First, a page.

In this article by Andrew Dennis, the author of Raspberry Pi Computer Architecture Essentials, we will discuss about Assembly language and the assembler.
(For more resources related to this topic, see here.)
The Raspberry Pi comes equipped with an ARM v7 quad core processor. Each processor has its own set of specific machine code that it understands; this machine code is represented in the binary format. The machine code is different for each processor architecture, so the Raspberry Pi’s ARM processor machine code will not work on an IBM or Intel CPU.
Short of writing out 32-bit long binary machine code instructions, the lowest level of programming language we can find ourselves using is Assembler language, also known as Assembly language.
The computer architecture’s Assembly language is usually a one-to-one mapping between itself and the underlying machine code. This is achieved through using a mnemonic. A combination of these mnemonic codes will result in an operation, such as addition or subtraction.
A program written in the Assembly language is compiled into machine code by the Assembler program. This program passes through the code one or more times and generates an object file as part of this process. The Assembler in some cases will also perform a variety of optimizations on the code in its subsequent passes.
Following this a program called the Linker that generates an executable file you can run on your computer.
Two important terms you will come across when writing Assembly language are opcode and operand. The opcode is an instruction (such as add) and the operand is data (such as an integer value). Each opcode and operand is created through the combination of sets of 8 bits (1 byte).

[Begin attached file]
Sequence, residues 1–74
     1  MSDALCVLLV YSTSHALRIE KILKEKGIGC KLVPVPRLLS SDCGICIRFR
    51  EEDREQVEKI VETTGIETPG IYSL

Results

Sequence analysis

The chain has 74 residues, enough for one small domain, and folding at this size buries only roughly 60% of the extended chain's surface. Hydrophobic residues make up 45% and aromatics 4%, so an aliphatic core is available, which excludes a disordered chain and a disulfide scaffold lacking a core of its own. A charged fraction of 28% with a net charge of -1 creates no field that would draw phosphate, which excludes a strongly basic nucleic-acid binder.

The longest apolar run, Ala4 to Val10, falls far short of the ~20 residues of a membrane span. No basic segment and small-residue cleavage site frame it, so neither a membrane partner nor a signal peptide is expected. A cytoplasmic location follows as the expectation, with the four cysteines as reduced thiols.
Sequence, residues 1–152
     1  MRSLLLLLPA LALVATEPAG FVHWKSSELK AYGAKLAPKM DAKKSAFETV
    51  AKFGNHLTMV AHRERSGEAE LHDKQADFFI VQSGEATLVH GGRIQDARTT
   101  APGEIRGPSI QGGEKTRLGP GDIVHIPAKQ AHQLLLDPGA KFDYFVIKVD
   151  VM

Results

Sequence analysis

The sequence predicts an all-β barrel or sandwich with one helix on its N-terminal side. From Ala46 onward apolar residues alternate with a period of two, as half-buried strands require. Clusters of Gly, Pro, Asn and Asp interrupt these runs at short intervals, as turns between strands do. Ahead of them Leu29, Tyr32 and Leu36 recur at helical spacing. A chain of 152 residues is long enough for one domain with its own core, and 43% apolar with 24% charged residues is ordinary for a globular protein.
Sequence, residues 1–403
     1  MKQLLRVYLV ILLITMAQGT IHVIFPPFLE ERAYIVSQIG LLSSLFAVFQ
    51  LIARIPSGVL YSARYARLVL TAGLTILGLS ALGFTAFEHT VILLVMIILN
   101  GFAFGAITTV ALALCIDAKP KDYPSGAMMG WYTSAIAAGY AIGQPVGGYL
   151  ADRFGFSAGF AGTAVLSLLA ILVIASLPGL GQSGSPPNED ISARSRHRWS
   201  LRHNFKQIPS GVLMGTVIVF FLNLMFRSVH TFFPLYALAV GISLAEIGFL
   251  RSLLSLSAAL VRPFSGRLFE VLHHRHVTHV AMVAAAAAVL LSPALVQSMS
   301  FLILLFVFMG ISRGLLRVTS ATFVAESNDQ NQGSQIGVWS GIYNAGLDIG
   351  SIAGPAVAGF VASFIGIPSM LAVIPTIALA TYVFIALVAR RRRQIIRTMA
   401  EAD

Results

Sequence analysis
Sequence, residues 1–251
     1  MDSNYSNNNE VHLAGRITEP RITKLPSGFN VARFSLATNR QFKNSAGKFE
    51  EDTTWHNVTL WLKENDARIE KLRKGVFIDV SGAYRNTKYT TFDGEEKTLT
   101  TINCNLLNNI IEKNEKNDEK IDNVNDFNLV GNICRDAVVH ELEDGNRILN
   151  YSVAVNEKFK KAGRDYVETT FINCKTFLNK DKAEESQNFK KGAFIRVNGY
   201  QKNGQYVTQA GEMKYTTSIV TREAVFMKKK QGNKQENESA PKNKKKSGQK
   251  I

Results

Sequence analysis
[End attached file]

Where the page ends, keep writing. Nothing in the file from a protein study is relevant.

In this article, we will write a simple program in Assembly language in order to understand the basics. The subject of the ARM v7 Assembly language is covered in more detail by the University of Michigan that hosts a useful guide to the ARM v7 architecture in PDF format at https://web.eecs.umich.edu/~prabal/teaching/eecs373-f10/readings/ARMv7-M_ARM.pdf.
You may be interested in reviewing this as a supplement to the topics covered here.
So, what do the mnemonic codes that make up Assembly language look like before being converted to machine code?
Let’s take a look at an example and see. Here, we demonstrate how we can take register 0 of the CPU and assign a number to it; in this case, 10.
MOV R0, #10
The Assembly code MOV is short hand for assigning a value. The register is an example of the processor’s internal memory storage location and, of course, 10 is an integer value.
You can read more on CPU registers at Wikipedia: https://en.wikipedia.org/wiki/Processor_register
As you explore the language further, you will become familiar with these types of commands, as they are the building blocks of your program.
How about looking at another example? What do you think this does?
ADD R0, R1, R2
This simple program introduces us to another mnemonic, ADD. Here, we are taking the values of registers 1 and 2, adding and assigning them to register 0.
Running commands like this on the Raspberry Pi is very simple; we can add them to a file assemble and link them ourselves.
We shall now explore a short Assembly language program that incorporates these two commands, MOV and ADD.
Let’s start by creating a new directory under the pi user:
This will be the place we store our Assembly code.
Navigate into this directory, for example:
Next, we need to create a new file to place our code in. You can choose any text editor you are comfortable with in order to write the program. We have used Vim in the following example:
To this file, add the following block of code.
Make sure that you include the spacing as demonstrated next:
.global main .func main main: MOV R0, #0 MOV R1, #10 MOV R2, #20 ADD R0, R1, R2 BX LR
So, what does this program do?
The first line in the program defines a directive called main. The prefix of .global tells the Assembler that the name is global and thus available to the C runtime.